Category Archives: Center for Environmental Genetics

Single-molecule regulatory architectures — as captured by chromatin-fiber sequencing

Any trait (phenotype) reflects the contribution of genes (i.e. DNA sequence), epigenetic factors (chromosomal events other than DNA sequence: DNA methylation, RNA interference, histone modifications, chromatin remodeling), environmental effects (diet, lifestyle), endogenous influences (e.g. cardiopulmonary disorders, kidney disease), and each … Continue reading

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Genomic scans for adaptive introgression, using a new method, that authors call “VolcanoFinder”

These GEITP pages have often discussed the topic of evolution of humans, including “adaptive introgression” (i.e. the process by which beneficial alleles are introduced into a species from a closely-related species). [Recall that ‘allele’ is a gene on one chromosome; … Continue reading

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THE HIGH COST OF COLLEGE: IS IT WORTH IT?

Because what the COVID-19 pandemic has done to U.S. education — from preschool through college — it seems like a good time to examine closely where education has gone, and what might happen in the future. WHY is this thorough … Continue reading

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Evolutionary origins of flowering plants and their pollinators

The topic in these GEITP pages today is “the rise and early diversity of flowering plants” (angiosperms). Darwin described the seemingly explosive diversification of angiosperms — as an “abominable mystery.” Today, debates continue about the origin, and the processes that … Continue reading

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Using information theory to decode network co-evolution of insect-plant ecosystems

This topic is central to the GEITP theme of gene-environment interactions. The “environmental signal” is a chemical(s) emitted (by a plant or an insect), and “genes” in the genome (of the insect or plant) respond to that signal. “Attracting” or … Continue reading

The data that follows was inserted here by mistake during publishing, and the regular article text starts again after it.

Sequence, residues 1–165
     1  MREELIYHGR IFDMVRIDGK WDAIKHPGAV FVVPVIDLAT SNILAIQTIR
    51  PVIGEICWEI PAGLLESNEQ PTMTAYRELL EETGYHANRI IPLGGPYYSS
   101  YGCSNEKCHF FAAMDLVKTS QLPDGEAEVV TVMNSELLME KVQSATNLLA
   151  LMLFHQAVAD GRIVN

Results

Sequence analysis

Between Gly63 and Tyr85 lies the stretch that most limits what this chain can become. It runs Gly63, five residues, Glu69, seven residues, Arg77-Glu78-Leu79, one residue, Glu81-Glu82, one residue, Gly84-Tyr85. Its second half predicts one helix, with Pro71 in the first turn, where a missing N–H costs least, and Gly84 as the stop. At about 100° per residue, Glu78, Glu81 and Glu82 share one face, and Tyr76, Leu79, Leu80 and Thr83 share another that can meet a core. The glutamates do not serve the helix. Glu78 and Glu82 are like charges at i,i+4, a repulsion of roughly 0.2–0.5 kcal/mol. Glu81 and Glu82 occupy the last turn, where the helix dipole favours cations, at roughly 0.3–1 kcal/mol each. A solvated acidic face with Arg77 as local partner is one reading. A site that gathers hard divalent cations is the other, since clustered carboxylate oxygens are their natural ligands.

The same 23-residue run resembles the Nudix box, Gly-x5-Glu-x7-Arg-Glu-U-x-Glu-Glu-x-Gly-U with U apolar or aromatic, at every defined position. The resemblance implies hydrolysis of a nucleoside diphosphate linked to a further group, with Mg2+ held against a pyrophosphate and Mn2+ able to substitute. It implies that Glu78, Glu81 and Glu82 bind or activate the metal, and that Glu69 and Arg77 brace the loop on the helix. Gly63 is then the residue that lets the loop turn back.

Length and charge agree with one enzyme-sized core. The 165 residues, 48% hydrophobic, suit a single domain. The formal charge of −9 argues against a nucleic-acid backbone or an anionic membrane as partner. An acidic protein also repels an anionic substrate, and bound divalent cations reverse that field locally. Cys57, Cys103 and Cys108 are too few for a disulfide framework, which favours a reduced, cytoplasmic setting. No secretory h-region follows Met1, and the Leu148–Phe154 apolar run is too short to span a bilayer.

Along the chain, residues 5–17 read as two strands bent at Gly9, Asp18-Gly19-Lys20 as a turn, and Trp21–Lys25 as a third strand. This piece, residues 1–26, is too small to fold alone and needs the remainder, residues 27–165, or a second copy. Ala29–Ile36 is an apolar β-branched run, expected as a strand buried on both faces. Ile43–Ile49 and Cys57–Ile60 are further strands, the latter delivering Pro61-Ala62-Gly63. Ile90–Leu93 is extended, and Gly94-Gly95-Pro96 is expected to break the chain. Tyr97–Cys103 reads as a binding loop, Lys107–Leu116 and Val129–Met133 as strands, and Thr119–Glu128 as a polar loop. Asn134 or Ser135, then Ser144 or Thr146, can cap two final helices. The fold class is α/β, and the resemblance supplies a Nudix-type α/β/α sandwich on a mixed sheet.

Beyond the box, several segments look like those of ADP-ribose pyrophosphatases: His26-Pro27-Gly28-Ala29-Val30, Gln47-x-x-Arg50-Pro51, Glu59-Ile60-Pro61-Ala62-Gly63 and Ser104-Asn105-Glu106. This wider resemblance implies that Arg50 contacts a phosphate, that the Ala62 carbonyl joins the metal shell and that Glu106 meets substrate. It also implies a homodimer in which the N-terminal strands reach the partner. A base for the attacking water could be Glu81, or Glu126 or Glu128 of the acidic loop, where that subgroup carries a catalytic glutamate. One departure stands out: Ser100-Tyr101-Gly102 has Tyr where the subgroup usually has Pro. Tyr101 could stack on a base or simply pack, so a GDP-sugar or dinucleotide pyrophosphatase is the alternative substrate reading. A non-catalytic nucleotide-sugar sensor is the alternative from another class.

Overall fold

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Why herd immunity theshold to COVID-19 is reached much earlier than thought – update

EARLIER POST HERE: Thank you, M. The time-line for number of COVID-19-related deaths [see figure below] is also very intriguing — in a country that never imposed any restrictions — no face masks, children stayed in school, and the economy … Continue reading

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Persistent warm Mediterranean surface waters during the Roman period

For those GEITP-ers that remain enthusiastic about “global warming”, here is a semi-lay summary of an article that reently appeared in Sci Reports [Nature]. This is evidence of global warming — except this occurred 1500 to 2000 years ago.   … Continue reading

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Toward development of the proteome landscape for the kingdoms of life

Early on, in genetic studies, the concept (learned in grade school, these days 😊) was that “DNA is transcribed into RNA, which is translated into protein.” Then, it became established that “DNA —> primary transcript, which then results in messenger-RNA … Continue reading

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Mapping and characterization of structural variants (SVs) in 17,795 human genomes

As the previous GEITP pages email described, in the early days of genetic studies, the concept (learned in grade school 😊) was that “DNA is transcribed into RNA, which is translated into protein.” Then, it was established that “DNA —> … Continue reading

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Osteocalcin promotes bone mineralization but is not a hormone

Today’s topic in these GEITP pages is an excellent example of controversial conclusions (over more than two decades) able to be overturned by additional experiments; this is an example of how rigorous science is supposed to correct itself. Osteocalcin (OCN) … Continue reading

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